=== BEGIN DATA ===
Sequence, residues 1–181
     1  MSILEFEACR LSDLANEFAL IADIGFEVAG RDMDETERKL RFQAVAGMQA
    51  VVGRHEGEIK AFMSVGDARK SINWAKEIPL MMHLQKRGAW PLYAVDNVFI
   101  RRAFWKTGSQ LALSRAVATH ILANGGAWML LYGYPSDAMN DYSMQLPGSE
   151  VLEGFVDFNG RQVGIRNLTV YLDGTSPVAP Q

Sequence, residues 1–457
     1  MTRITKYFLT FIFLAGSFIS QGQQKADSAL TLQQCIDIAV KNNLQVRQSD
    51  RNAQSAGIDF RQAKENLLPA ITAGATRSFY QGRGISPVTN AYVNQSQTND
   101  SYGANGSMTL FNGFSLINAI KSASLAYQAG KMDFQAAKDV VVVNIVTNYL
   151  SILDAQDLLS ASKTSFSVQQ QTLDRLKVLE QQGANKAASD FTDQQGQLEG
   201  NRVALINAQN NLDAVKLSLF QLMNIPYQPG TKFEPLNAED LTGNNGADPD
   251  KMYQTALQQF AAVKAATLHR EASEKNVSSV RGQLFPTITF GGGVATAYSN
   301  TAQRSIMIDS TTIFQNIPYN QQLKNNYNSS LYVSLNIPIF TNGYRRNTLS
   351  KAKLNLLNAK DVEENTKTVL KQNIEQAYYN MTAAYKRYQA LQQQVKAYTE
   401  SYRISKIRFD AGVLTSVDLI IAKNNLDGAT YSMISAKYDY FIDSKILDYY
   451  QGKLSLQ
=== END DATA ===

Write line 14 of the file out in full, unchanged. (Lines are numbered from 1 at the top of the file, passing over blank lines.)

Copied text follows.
   351  KAKLNLLNAK DVEENTKTVL KQNIEQAYYN MTAAYKRYQA LQQQVKAYTE